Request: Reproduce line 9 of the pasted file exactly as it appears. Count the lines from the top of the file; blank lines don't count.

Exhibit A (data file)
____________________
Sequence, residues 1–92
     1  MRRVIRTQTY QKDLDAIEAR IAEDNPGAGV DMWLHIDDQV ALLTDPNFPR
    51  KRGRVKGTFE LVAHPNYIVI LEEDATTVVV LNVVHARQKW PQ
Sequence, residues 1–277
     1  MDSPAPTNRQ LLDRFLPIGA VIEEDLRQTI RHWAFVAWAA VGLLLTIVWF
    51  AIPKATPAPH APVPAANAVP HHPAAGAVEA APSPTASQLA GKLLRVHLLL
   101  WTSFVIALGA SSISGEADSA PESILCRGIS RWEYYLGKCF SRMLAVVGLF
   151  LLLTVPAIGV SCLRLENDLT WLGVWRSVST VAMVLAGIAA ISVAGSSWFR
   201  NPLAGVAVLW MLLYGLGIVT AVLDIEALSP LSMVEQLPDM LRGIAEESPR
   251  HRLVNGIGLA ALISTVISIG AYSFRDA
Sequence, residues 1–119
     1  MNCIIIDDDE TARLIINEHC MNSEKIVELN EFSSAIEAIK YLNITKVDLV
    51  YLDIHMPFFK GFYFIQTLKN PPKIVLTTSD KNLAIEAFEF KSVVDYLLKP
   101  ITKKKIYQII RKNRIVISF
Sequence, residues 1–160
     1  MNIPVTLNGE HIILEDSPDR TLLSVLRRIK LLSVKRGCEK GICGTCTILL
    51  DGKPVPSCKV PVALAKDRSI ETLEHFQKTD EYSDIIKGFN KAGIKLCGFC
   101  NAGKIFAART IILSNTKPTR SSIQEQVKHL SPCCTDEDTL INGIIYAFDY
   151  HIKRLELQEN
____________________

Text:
   201  NPLAGVAVLW MLLYGLGIVT AVLDIEALSP LSMVEQLPDM LRGIAEESPR